"But I already spend too much time on the Internet!" you protest. "I don't need any more stuff to look at!"  Here, then, are four reasons to check out the Spelling Fails web site and bookmark it for future perusal:

  • It's Friday. You need some laughs to start your weekend.
  • Spelling Fails supports the theory that dictionaries are used more as doorstops or kiddie seats than for their intended purpose.
  • We will all feel much better about ourselves and the mistakes we've made after seeing some of these blunders.
  • It will take you less than 30 seconds to realize that the world does, indeed, need a proofreader.

Wednesday, January 19, 2011

Yes, E-Mails Need a Proofreader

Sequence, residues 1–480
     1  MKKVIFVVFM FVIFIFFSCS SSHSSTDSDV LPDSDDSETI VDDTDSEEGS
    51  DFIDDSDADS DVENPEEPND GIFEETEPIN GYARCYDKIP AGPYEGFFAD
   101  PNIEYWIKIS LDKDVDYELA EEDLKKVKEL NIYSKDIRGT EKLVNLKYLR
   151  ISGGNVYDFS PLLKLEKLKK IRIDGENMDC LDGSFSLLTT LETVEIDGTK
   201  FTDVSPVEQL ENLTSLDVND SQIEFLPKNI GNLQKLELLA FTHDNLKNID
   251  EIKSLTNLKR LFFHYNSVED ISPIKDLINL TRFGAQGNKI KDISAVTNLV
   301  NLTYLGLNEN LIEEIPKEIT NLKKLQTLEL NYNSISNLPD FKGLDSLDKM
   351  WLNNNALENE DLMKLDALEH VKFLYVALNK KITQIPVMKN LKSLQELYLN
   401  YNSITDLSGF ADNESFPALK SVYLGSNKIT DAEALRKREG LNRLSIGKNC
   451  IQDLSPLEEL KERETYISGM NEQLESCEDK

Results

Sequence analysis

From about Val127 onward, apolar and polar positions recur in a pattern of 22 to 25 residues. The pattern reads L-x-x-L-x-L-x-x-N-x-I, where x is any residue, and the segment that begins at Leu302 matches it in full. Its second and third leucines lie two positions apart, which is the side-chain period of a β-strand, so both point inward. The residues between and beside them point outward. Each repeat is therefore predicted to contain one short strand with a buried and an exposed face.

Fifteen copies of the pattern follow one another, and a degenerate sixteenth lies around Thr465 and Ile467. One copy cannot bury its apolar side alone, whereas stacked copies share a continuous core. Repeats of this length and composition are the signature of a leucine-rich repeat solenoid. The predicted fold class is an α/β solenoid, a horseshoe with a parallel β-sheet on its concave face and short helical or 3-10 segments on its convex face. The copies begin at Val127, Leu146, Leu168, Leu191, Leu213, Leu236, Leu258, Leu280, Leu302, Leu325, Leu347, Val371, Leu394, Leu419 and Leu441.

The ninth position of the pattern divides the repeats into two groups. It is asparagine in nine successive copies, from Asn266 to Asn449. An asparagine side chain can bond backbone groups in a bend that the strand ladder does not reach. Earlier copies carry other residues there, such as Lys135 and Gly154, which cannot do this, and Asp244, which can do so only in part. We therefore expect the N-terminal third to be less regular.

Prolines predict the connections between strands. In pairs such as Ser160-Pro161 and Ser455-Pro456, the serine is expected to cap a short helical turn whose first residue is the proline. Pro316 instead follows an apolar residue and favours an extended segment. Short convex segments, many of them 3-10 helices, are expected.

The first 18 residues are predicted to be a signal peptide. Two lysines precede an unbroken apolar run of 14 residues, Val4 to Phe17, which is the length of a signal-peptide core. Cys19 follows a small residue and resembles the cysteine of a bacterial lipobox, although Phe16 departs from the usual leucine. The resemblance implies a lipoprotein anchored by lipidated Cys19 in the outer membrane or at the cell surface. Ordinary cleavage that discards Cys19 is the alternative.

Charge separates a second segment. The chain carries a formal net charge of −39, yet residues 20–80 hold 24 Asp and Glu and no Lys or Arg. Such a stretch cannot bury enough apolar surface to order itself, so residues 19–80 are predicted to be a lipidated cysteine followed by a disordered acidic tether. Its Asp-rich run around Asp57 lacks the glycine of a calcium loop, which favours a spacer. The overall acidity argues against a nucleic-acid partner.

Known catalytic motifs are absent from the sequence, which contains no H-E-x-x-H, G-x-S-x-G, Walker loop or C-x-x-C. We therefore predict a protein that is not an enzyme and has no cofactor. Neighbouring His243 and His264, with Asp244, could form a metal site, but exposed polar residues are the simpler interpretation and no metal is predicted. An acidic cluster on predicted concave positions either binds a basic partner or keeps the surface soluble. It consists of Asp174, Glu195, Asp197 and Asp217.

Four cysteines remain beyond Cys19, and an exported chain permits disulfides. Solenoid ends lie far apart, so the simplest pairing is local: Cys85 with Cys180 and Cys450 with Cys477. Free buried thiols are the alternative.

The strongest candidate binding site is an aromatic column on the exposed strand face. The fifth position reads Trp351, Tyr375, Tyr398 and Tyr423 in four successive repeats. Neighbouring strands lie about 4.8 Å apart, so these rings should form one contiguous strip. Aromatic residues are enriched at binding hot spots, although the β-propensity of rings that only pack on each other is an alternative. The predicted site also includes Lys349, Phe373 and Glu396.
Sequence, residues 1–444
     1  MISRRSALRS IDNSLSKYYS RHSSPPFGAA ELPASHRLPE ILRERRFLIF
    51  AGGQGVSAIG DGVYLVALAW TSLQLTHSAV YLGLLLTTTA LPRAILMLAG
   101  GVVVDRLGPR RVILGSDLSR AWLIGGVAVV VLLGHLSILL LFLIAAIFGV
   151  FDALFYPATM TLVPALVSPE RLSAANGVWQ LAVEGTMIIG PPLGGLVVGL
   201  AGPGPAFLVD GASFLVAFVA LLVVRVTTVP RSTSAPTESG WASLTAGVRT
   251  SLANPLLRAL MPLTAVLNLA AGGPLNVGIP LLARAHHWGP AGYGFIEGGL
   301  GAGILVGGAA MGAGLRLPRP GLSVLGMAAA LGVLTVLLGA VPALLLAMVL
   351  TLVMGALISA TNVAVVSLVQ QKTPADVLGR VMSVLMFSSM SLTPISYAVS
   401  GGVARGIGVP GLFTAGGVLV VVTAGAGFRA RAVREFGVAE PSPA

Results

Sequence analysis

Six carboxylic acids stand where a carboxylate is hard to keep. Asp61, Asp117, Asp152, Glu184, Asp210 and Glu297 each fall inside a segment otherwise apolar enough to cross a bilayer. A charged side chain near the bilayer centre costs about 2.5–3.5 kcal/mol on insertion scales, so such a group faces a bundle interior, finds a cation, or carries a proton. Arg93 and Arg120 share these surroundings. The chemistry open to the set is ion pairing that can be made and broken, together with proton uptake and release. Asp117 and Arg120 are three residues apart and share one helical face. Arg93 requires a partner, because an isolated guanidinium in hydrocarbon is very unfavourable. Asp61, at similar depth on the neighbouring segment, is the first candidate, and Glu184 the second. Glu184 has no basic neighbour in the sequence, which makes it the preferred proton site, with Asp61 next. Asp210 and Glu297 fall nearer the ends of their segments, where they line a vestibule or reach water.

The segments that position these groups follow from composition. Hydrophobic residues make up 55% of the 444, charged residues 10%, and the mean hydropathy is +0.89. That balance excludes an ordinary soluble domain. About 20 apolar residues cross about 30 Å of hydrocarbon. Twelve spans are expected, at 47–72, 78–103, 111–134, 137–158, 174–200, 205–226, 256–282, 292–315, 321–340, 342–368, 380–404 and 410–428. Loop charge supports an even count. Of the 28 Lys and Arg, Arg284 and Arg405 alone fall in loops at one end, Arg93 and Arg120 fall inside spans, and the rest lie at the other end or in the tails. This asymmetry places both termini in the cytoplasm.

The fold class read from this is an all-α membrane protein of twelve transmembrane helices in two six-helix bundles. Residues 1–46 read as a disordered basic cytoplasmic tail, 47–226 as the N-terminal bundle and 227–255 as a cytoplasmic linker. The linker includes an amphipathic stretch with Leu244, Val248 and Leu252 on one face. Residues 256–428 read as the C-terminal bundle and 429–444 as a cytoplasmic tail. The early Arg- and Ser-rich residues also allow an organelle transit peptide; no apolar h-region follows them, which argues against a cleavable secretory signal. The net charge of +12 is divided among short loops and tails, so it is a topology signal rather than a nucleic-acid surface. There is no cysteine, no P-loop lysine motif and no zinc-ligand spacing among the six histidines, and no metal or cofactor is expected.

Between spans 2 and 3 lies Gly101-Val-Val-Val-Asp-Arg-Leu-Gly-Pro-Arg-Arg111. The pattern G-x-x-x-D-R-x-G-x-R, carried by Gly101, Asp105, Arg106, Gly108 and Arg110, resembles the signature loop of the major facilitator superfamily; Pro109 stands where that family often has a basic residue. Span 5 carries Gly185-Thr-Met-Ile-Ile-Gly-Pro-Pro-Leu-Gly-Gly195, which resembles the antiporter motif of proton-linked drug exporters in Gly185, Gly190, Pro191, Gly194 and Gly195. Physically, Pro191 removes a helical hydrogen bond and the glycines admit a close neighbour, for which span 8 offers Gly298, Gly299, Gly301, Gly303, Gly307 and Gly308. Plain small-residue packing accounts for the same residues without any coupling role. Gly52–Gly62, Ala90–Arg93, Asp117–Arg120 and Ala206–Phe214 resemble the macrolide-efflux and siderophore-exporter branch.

Some people aren't the best at spelling and grammar.  I get that.  A lack of spelling, grammar, and/or proofreading skills isn't all that critical to Facebook posts or e-mails between friends.  But writers who write for a writing publication really should know better.

Here's the subject line of an e-mail I recently received from a writing magazine:

Win Cash and Prizes with you best writing!

Your best writing.  With an 'r' please.

<sigh>

Friday, January 14, 2011

Typo Trifecta

As if to prove that yesterday's post was, indeed, an accurate assessment of my hometown newspaper, here are three headline errors from yesterday's print edition:

 

The phrase is "makes its case."


The animal was either "poisoned" or "killed by poison," not both.


Well, if you read the first line of the story, it's quite obvious that this lucky mom is from Idaho, not Ohio.

Did I mention that these three typos appeared on two successive pages?